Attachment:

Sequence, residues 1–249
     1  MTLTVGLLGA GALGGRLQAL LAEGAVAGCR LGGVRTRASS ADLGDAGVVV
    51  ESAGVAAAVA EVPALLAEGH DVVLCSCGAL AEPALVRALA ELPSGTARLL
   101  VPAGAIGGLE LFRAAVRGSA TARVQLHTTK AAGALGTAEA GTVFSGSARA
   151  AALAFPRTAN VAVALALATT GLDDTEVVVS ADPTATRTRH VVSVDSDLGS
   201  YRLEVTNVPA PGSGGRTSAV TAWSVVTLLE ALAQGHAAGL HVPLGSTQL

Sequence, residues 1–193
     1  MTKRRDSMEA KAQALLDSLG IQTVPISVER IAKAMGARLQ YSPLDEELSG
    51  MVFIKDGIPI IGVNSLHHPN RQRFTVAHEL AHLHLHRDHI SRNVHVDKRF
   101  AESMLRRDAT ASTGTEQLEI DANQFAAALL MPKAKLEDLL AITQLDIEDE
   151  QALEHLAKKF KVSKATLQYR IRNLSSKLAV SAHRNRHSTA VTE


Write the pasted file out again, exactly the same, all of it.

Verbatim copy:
Sequence, residues 1–249
     1  MTLTVGLLGA GALGGRLQAL LAEGAVAGCR LGGVRTRASS ADLGDAGVVV
    51  ESAGVAAAVA EVPALLAEGH DVVLCSCGAL AEPALVRALA ELPSGTARLL
   101  VPAGAIGGLE LFRAAVRGSA TARVQLHTTK AAGALGTAEA GTVFSGSARA
   151  AALAFPRTAN VAVALALATT GLDDTEVVVS ADPTATRTRH VVSVDSDLGS
   201  YRLEVTNVPA PGSGGRTSAV TAWSVVTLLE ALAQGHAAGL HVPLGSTQL

Sequence, residues 1–193
     1  MTKRRDSMEA KAQALLDSLG IQTVPISVER IAKAMGARLQ YSPLDEELSG
    51  MVFIKDGIPI IGVNSLHHPN RQRFTVAHEL AHLHLHRDHI SRNVHVDKRF
   101  AESMLRRDAT ASTGTEQLEI DANQFAAALL MPKAKLEDLL AITQLDIEDE
   151  QALEHLAKKF KVSKATLQYR IRNLSSKLAV SAHRNRHSTA VTE